Learning to operate the Mississippi RiverBill Nuttle ·
Re-engineering the Mississippi River presents political as well as technical challenges.
Advances in technology since the beginning of the industrial revolution have transformed both transportation along the Mississippi River and the river itself. The invention of the paddlewheel steamboat in the early 1800s offered a radical advance over previous, more primitive modes of river transportation. By the 1830s, steamboats regularly moved people and goods along the Mississippi and its tributaries. This fueled the growth of industrial cities in the Midwest and the expansion of the US into territories west of the Mississippi River. At first, steamboats navigated a river that was wild and largely uncharted. Engineers improved conditions by removing snags and debris that posed hazards to navigation. They continued by straightening the river and stabilized eroding banks. Today, the lower Mississippi River can fairly be regarded as an enormous machine - every mile is engineered for a purpose.
What are the implications of this shift in our relationship with the Mississippi from “man versus nature” to “men and machine”? In “Life on the Mississippi,” Mark Twain writes about his career as a steamboat pilot during the mid-1800s. Steamboat transportation reached a peak by mid-century, and then declined with increasing competition from railroads. Pilots had the critical responsibility of guiding steamboats along constantly shifting channels and safely past unseen hazards. The work of the pilots changed over time, as the engineers improved the river. Mark Twain’s experiences as an apprentice and a pilot and the changes he witnessed in the river offer insight into what it means to drive the river. Ultimately, the transformation of the Mississippi River transforms the lives of everyone connected with it.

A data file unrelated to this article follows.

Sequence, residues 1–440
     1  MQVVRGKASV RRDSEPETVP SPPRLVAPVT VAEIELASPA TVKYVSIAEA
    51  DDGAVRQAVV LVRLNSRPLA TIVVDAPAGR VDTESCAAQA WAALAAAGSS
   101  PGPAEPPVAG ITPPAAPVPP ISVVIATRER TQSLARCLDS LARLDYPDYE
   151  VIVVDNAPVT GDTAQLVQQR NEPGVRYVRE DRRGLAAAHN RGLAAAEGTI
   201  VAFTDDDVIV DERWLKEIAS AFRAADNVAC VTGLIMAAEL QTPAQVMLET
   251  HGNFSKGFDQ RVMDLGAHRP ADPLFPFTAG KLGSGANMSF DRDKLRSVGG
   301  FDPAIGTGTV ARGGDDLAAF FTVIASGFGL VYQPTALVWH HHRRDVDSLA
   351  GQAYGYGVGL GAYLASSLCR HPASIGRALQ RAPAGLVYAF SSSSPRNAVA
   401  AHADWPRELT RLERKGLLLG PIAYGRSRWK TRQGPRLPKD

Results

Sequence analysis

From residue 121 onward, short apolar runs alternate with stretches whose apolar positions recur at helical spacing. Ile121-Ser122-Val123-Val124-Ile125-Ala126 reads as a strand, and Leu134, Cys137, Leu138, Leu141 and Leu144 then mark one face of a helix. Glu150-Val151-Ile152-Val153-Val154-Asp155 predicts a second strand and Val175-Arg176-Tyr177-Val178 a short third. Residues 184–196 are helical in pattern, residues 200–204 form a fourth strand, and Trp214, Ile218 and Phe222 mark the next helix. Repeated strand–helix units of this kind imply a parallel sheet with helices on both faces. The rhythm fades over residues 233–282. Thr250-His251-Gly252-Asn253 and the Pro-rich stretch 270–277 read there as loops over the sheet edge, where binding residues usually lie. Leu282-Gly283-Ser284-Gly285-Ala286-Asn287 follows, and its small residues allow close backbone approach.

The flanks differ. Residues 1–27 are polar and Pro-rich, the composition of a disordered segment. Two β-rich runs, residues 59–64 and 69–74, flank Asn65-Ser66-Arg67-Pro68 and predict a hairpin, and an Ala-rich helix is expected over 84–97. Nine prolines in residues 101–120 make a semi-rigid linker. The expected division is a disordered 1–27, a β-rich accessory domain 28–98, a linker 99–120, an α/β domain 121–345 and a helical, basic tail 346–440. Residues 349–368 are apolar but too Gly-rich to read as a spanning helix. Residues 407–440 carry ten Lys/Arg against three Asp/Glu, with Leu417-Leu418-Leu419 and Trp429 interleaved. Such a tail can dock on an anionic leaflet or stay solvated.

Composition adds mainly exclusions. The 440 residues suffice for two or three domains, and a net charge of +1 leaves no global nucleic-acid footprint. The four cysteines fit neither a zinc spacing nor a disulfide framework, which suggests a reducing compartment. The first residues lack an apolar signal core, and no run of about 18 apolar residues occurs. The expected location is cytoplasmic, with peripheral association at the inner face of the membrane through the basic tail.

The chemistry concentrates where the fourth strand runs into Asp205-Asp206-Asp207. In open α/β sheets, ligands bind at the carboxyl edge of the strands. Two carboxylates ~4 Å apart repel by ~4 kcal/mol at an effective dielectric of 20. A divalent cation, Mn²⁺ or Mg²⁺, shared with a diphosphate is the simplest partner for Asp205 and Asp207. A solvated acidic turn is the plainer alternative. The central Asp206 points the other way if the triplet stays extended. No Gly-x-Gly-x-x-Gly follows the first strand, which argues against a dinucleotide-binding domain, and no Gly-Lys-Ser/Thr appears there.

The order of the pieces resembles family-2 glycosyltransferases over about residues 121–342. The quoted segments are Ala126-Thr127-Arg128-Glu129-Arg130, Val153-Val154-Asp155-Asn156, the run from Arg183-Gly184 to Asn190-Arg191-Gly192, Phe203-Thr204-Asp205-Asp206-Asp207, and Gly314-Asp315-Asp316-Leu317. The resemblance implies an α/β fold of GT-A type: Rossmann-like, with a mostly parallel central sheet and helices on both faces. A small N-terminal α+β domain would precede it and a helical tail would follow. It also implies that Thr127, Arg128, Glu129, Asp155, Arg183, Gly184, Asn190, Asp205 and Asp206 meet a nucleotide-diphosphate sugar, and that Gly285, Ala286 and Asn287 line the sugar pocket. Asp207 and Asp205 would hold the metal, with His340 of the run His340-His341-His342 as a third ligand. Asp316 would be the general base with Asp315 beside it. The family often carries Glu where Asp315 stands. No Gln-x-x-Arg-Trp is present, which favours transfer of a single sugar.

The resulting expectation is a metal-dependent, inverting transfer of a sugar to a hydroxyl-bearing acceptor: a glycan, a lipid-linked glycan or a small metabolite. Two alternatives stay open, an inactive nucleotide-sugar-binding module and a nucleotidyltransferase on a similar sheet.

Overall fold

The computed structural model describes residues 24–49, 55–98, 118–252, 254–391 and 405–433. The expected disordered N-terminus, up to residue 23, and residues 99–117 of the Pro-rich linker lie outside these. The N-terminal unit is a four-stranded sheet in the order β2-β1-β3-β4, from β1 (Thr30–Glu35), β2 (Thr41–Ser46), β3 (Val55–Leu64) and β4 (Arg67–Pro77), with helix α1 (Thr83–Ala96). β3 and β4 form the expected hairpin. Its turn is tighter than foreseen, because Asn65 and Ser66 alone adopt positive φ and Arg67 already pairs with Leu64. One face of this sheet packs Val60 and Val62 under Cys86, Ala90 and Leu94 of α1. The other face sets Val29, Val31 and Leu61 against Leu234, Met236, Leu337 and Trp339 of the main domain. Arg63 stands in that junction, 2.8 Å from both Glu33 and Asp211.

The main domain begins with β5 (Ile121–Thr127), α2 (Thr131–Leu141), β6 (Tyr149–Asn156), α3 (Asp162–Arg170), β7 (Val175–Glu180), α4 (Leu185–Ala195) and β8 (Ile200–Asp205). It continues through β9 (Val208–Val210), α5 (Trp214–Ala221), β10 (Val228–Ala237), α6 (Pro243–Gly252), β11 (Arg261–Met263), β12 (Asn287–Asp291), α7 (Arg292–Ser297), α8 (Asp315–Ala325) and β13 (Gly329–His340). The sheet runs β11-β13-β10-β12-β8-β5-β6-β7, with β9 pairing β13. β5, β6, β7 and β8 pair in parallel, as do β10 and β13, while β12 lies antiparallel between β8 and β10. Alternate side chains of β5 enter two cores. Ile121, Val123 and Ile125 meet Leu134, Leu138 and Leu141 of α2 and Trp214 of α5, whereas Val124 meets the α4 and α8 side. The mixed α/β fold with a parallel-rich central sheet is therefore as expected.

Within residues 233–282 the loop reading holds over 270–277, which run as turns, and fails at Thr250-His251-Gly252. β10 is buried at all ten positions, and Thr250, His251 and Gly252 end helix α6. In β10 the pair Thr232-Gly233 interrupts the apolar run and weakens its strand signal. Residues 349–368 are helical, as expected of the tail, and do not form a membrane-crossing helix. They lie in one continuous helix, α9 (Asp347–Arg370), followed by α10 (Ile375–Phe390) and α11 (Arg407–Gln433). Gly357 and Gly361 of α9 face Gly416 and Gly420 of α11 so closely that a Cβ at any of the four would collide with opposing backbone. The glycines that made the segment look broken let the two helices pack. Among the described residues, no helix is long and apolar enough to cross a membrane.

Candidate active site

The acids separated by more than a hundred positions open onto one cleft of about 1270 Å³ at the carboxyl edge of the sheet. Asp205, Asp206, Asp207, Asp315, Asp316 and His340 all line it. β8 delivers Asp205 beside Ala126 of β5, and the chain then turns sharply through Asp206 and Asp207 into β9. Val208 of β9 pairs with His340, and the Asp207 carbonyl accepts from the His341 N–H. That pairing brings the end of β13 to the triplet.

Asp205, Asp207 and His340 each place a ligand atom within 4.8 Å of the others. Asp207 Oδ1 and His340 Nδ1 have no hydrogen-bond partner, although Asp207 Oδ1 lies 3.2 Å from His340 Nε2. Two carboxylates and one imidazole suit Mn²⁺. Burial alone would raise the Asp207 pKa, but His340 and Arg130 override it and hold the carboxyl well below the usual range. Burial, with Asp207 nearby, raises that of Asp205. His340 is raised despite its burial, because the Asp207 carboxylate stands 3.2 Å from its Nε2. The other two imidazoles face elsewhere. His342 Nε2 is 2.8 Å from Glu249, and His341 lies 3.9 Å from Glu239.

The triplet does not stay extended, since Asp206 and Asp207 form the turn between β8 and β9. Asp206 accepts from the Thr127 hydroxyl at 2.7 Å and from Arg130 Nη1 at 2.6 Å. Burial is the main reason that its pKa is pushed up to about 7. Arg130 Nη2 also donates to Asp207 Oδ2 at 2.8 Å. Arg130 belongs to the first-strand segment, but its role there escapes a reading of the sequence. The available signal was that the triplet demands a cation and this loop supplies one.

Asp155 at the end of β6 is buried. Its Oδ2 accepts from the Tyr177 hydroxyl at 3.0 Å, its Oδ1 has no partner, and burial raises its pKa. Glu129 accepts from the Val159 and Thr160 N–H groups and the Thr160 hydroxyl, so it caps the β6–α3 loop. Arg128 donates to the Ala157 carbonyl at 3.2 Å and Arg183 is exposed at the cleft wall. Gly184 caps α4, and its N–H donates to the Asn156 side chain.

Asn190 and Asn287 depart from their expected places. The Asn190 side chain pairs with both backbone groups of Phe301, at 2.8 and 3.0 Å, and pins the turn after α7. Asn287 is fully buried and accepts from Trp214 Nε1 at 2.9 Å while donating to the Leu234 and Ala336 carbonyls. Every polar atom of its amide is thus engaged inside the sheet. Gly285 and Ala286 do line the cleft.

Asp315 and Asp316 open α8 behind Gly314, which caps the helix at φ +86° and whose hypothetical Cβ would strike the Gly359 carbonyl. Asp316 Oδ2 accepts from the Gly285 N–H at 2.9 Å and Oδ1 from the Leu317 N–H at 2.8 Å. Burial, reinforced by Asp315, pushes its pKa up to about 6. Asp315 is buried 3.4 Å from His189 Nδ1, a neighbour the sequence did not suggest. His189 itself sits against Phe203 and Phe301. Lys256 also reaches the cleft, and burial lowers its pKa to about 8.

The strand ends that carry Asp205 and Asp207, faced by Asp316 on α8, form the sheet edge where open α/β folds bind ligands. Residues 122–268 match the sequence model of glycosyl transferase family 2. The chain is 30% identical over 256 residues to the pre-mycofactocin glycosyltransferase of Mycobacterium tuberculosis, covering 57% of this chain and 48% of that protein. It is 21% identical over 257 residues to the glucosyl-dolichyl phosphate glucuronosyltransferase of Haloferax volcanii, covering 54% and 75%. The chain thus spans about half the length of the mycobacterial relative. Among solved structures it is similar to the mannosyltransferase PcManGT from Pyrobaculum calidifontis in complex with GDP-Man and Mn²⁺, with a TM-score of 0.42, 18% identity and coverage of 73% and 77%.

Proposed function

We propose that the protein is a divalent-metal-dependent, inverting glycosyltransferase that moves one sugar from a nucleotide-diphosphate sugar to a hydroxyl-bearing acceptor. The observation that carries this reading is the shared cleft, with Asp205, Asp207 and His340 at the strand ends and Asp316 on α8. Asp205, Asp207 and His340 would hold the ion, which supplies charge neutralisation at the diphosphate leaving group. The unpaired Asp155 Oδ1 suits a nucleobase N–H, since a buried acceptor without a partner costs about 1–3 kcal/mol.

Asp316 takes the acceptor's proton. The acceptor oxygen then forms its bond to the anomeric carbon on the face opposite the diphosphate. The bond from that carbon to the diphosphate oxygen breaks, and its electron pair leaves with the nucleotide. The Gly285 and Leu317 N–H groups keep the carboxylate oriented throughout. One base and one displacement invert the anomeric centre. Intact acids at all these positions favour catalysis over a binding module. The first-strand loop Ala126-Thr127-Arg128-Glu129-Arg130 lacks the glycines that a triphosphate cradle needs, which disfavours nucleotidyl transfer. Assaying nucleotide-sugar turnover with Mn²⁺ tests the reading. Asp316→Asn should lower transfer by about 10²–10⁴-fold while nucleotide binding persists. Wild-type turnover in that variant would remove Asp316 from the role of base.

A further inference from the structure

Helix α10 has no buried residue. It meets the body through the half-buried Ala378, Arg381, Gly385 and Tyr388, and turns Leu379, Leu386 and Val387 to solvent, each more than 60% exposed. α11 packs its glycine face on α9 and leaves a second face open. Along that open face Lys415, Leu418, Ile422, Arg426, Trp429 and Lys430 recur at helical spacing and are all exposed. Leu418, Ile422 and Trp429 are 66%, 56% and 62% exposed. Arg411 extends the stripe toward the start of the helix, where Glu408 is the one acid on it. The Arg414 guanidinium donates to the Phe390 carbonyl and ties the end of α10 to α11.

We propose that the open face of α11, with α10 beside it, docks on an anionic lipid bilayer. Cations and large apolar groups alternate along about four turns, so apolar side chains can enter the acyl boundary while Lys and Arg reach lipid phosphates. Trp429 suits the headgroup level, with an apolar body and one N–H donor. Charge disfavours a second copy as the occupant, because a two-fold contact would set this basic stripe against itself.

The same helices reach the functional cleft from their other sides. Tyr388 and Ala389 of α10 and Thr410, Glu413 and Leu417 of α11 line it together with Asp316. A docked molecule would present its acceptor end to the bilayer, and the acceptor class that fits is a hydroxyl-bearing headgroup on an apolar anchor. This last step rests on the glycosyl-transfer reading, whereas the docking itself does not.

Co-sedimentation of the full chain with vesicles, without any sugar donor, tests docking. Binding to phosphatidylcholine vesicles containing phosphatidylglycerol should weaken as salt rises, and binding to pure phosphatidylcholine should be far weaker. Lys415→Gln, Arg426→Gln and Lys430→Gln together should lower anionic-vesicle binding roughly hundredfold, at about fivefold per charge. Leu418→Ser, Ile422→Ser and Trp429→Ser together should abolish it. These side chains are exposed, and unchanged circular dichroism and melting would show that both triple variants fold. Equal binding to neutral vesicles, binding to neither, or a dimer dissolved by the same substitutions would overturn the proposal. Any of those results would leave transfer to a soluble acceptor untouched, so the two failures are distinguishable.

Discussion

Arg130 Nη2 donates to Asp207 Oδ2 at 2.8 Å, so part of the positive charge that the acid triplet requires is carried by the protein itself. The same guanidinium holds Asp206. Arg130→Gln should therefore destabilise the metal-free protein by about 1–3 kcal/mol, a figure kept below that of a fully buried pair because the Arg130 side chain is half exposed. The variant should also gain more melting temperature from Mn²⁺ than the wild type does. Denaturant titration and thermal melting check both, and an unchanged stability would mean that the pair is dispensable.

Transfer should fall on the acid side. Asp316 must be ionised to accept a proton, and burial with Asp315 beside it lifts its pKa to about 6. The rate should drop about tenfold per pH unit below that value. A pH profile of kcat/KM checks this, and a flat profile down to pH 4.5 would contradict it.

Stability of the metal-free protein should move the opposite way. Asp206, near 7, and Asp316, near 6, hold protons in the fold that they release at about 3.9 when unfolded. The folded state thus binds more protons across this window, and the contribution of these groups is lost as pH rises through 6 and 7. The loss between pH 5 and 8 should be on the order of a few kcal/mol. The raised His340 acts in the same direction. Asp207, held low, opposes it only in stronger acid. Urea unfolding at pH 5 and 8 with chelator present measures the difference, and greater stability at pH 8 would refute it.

The job of the steamboat pilot was as glamorous as it was essential, but it required rigorous training. The pilot stood his watch perched high atop the boat with unobstructed views all round. It was his sole responsibility to steer a steamboat up or down the river, taking into account changes in the channel, the location of hazards, and the effects of the wind and current. To do this, the pilot was trained to read conditions bases on what he could see from the pilothouse and he had an encyclopedic knowledge of the river that he had committed to memory. The pilots turned the wheel to steer and signalled commands to the engine room for changes in speed or direction, forward or reverse. His control over the movement of the boat was absolute. Accordingly, steamboat pilots were treated with deference and respect.
By comparison, the work of the engineers who operate the Mississippi River today is all but invisible. Responsibility for building, repairing and operating facilities along the Mississippi River lies with the Corps of Engineers, a behemoth government agency. Its actions are taken by committees of engineers, meeting out of sight of the river, often as not in a windowless room. Instead, they study the river in virtual form. The engineers rely on reams and reams of data, taking measure of the river via water levels, currents, chemistry and biology, and the hydrologic and hydraulic forces acting on the river. These data are compiled into digital data bases, analyzed by computer models, and finally codified in to a master manual. The master manual is the accumulated knowledge of the committee. It is, in essence, the instruction manual for operating the river. To drive the river, the engineers consult the manual.